Full-frame cameras are superior to the crop sensor ones. There's no doubt. Most of the professional photographers out there are making a living with full-frame bodies and thus those cameras are considered professional. What if you shoot with smaller sensor cameras? Let me share my own story.
First Encounter With a Camera
I never had photography as a hobby. I started it as a business. In order to justify my expenses I taught myself the basics buying books and video workshops. I did that even before I owned a camera. For most of you that's not the case. For me, I needed to know what I was getting into before spending thousands in gear. I had to understand how the camera worked: what were the aperture, shutter speed, and ISO. I didn't know anything about cameras less than 10 years ago. I even searched the web if I could change the aperture of an f/2.8 lens or it was always constant.
As I went deeper in knowledge, I became fascinated with lighting. I wanted to do a specific type of images and I found it was the lighting that I liked the most. But first of all, I had to buy a camera being the basic tool in the craft.
My main criteria was the cost. I wanted to spend as little as possible on a camera that could get the job done. I started my investigation comparing the differences between the mid-priced and high-end DSLRs. I had to be aware what I was paying for if I didn't own the most expensive machine of them all.
I come from a music background where the weight of a musical piece of gear is proportional to its build and sound quality, whether that's a piano, guitar, microphone, amplifier, or cable. A common sense for me was the more a camera weighs the better the materials and the more hardware perks it had. I wasn't far from the truth. It turned out a heavier camera felt more stable in the hands and images had less blur at lower shutter speeds. My first consideration was to buy a camera that feels solid. Imagine myself going into the store and comparing the weight of cameras and buying the heaviest. I did not have that joyful experience because I chose and bought it online.
After deciding I wanted a heavier camera body with a better build quality I looked at the sensors. Budget was still an issue, so I chose a combination of a crop sensor with a good dynamic range and a tank-like body. My only drawbacks then were the small image resolution and noise starting to get quite visible even at 400 ISO. A quick calculation showed me I could have big enough prints for commercial use out of 10-megapixel files. For the noise I comforted myself that I'd use lights and most of the time I wouldn't need to shoot at high ISO values. I made my choice and bought a Canon 40D.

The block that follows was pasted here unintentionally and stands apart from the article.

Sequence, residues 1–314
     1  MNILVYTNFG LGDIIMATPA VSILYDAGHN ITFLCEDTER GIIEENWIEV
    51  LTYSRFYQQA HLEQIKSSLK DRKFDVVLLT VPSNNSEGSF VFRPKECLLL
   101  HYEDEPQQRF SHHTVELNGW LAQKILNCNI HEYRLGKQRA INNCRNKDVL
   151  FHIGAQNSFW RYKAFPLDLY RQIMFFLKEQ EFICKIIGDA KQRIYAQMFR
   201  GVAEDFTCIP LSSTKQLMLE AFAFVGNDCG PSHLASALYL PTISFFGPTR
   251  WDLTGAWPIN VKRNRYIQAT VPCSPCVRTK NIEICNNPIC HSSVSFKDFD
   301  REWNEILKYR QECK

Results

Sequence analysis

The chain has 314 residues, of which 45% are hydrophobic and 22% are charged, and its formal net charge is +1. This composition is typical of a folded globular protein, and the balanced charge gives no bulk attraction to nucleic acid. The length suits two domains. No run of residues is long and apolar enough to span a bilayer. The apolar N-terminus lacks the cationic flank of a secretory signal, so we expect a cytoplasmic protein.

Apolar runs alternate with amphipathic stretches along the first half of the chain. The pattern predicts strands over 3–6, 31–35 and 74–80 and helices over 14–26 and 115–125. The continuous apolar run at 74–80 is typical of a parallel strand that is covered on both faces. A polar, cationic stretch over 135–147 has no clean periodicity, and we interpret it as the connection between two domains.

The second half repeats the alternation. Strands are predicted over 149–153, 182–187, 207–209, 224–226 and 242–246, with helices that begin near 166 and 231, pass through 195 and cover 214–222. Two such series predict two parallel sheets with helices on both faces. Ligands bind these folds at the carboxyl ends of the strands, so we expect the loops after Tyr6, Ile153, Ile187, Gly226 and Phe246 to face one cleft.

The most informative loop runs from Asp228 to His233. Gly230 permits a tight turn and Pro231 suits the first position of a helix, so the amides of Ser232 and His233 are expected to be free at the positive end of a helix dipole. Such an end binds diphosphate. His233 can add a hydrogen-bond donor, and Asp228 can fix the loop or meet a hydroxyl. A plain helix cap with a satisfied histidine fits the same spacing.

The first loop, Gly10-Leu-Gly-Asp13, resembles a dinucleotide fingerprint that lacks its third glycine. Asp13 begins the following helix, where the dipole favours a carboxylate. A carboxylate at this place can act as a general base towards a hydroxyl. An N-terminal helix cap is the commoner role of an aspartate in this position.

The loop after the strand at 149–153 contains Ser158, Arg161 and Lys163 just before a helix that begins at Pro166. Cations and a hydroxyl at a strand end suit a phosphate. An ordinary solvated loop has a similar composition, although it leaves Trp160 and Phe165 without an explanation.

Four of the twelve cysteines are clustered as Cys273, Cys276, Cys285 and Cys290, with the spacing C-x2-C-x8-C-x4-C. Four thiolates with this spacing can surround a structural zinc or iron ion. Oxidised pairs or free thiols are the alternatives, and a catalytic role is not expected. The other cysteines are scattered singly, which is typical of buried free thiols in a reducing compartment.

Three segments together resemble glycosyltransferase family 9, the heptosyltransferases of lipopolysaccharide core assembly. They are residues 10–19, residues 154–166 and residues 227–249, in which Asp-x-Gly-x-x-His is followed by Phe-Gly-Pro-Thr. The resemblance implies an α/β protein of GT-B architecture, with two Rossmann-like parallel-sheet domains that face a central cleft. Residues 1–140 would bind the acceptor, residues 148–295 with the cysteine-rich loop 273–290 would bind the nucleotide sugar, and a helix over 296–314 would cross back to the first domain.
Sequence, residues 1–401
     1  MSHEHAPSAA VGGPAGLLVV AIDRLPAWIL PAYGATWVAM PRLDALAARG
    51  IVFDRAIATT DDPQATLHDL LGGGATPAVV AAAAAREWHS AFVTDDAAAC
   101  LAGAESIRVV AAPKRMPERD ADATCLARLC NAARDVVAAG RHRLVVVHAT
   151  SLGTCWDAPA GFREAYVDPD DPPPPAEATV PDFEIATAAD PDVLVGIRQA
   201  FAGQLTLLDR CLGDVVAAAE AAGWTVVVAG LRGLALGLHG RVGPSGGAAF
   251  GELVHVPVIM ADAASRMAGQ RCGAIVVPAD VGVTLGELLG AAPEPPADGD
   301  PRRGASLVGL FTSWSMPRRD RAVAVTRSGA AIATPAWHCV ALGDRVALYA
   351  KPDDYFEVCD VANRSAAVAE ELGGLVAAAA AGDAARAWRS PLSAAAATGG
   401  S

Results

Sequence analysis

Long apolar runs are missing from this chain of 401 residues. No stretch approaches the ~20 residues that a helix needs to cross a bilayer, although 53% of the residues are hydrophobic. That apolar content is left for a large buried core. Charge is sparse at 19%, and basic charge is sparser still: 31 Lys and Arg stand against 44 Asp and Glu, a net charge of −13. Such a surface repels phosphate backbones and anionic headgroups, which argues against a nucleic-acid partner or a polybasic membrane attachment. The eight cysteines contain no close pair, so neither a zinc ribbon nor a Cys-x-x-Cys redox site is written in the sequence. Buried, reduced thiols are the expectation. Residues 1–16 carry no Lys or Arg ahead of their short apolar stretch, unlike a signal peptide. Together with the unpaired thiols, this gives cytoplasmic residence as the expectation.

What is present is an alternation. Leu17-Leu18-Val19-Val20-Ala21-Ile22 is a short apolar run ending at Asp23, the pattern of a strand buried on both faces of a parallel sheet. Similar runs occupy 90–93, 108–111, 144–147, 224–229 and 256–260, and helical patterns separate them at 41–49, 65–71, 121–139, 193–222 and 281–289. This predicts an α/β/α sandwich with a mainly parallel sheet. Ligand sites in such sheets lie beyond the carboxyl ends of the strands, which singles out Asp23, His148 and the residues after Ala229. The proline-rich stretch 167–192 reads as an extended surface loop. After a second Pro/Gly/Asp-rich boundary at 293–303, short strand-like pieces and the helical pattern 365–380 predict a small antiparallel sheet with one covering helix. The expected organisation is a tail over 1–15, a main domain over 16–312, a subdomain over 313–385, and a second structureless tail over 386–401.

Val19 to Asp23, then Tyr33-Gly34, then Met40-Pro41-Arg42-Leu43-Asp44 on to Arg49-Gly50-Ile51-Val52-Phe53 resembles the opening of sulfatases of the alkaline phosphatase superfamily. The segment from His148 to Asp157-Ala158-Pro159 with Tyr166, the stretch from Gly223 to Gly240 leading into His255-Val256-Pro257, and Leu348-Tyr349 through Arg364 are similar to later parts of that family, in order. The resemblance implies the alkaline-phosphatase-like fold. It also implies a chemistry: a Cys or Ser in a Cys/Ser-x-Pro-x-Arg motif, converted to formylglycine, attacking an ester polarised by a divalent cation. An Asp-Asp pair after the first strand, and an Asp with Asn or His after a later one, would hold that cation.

With lights, the price was not my main criteria. I spent much more on lights than on the camera and the lenses. I look at images the same as I look at paintings. I focus on the story, the light, and the nuances. I don't care if the painting is big or small, if it's photorealistic or not. That's the reason I chose to spend my budget ot lights than on sensor pixel parameters and resolution.
Do I Know What I'm Missing?
Yes. I'm fully aware I'm missing a fat pixel that absorbs more light which means less noise at high ISO. The field of view is so much wider that I could shoot with higher focal range in tight spaces avoiding the distortion I have with a crop sensor and wide-angle lenses. If I shot architecture, a full-frame or medium-format sensor would definitely be my choice. The sharpness with full frames is usually better because of the sensor pixel size and the (often) bigger resolution.
Do I Care That I Miss Full Frame Features?
Most of the times, no. Lots of my clients rarely print their images and it's often at a maximum size of 8x10 inches. The majority of my clients use their files online. In cases when I know the files will be displayed as bigger prints or the project calls for a higher resolution images, I would rent a full frame. Most images of mine printed in magazines were from those humble 10-megapixel files from the crop-sensor camera.
Do Clients Care About Full Frame?
No. They just need certain types of images for certain purposes. They care to see nice sharp results. I can deliver them with a crop-sensor camera. Can you see the difference between full-frame and crop-sensor cameras in these images?
No? Then what, pixel peep? But why? To prove which is which or to tell me there's an striking obvious difference?
Do Fellow Photographers Care About Full Frame?
Definitely, yes. Not only that, but I have clients who hire me and own more expensive camera bodies than I do. Lots of aspiring photographers wonder why I don't use a full-frame body. Others are maybe looking down on me.
My Second Camera
After working with just one camera body and risking it a lot (except for the times I rented a full frame as a primary camera) I bought a second camera. Guess what it was? A crop-sensor camera. Now my primary criterion wasn't the price. I sat down and took time to estimate if full frame would bring my business more profit than a smaller sensor. The answer was no. I know what I'm missing but nobody really sees the difference, so why should I pour money into a something that won't return my investment faster? Instead, I spend money on knowledge (workshops, books), additional gear such as computer hardware, and in the last several years, on video equipment. If I need a full-frame body on a shoot, it's cheaper to rent it than buy it.
In the Future
I still don't know if I would buy a bigger-sensor camera in the future. Maybe if I need the resolution I'd spare more on a camera body. Until then I better get a few more lights and modifiers. There can never be enough lights whatever camera I use.